Citrobacter rodentium, a murine model pathogen for enteropathogenic Escherichia coli, colonizes the colon utilizing attaching and effacing lesions to adhere specifically to the surfaces of intestinal epithelial cells and cause mucosal inflammation. CD4+ T cells, B cells, and immunoglobulin G (IgG), but not secretory IgA or IgM, play a critical role in eradicating this pathogen. Consistent with the importance of IgG in C. rodentium eradication, IgG transport by the neonatal Fc receptor for IgG within the intestinal epithelium also has a critical role in the regulation of C. rodentium infection. It remains to be determined, however, whether Fcγ receptors (FcγRs), the receptors for the Fc portion of IgG, regulate this bacterial infection within mucosal tissues. Therefore, we investigated the roles of FcγRs during C. rodentium infection. Fc receptor common gamma chain (FcRγ)-deficient mice were more susceptible to C. rodentium-induced colitis. This occurred through decreased efficiency of FcR-mediated endocytosis and maturation of dendritic cells and consequently T-cell activation of antigen-specific T cells. Moreover, in the absence of FcγRs, phagocytosis by macrophages was significantly diminished. Therefore, activating FcγRs play an important role in defending against C. rodentium infection, indicating that the critical role played by IgG in this infection is not mediated by IgG alone but is dependent upon this class of receptors.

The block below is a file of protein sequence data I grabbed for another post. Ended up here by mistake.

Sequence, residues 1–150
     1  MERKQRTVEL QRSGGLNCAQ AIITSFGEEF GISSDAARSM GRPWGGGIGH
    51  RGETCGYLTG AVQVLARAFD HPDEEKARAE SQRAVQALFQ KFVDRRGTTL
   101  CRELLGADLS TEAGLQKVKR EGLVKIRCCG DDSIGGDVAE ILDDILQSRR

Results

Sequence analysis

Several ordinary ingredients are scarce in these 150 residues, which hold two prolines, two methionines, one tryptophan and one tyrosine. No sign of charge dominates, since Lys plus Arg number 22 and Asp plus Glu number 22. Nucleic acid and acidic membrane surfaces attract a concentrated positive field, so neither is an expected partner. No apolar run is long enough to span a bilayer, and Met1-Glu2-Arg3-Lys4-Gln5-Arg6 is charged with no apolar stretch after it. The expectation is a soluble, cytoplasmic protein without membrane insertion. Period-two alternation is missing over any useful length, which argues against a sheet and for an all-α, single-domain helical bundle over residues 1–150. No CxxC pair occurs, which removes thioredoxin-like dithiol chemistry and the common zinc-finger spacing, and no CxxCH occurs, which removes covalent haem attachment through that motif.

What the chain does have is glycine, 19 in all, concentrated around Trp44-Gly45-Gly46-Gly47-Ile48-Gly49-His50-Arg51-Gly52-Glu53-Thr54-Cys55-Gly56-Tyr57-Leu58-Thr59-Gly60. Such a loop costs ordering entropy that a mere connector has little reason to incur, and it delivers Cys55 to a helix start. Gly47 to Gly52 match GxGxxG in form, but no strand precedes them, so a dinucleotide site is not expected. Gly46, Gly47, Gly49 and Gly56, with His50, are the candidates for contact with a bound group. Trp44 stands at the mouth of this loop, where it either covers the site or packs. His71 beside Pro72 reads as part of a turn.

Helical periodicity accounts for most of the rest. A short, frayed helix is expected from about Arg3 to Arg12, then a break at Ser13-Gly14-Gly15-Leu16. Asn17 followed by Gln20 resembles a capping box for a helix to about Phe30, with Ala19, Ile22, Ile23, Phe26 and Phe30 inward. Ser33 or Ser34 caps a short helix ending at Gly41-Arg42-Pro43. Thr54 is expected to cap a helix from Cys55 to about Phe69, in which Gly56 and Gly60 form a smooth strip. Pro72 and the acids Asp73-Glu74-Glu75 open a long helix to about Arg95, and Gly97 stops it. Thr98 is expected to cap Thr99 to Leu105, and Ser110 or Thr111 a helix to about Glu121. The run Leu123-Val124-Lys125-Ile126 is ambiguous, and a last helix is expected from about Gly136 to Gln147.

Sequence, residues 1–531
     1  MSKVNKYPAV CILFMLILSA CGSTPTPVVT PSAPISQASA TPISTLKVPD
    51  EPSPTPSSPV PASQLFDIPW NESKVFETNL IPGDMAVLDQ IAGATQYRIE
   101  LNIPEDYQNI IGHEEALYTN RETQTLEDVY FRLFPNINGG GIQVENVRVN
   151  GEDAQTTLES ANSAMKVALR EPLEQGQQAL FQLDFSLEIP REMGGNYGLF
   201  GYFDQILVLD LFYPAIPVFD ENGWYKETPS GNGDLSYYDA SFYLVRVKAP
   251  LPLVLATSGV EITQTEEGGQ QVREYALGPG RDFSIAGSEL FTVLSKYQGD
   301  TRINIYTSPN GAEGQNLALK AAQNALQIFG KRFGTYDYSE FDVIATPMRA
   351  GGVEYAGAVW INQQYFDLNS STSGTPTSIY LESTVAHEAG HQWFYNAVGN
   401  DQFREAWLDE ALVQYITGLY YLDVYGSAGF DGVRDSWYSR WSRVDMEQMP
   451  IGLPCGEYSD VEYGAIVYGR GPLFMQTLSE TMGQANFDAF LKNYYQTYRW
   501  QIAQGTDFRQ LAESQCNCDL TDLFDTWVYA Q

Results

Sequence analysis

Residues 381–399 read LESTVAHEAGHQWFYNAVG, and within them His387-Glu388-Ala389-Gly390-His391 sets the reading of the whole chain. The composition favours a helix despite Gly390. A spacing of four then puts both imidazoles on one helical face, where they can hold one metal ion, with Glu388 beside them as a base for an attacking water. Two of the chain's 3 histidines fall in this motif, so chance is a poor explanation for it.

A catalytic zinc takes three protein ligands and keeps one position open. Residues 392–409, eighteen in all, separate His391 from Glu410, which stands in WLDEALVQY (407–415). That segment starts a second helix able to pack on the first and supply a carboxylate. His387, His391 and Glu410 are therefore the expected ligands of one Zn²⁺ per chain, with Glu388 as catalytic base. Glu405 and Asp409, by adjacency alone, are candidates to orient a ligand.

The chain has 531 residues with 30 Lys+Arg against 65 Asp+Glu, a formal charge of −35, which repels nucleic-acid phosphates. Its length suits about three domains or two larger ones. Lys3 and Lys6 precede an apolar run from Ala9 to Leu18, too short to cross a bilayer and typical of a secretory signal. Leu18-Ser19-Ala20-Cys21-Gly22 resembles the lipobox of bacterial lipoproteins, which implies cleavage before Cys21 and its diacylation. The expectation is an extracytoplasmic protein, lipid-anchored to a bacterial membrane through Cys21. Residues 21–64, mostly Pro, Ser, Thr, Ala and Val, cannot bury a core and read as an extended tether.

ASJC Scopus subject areas
- Infectious Diseases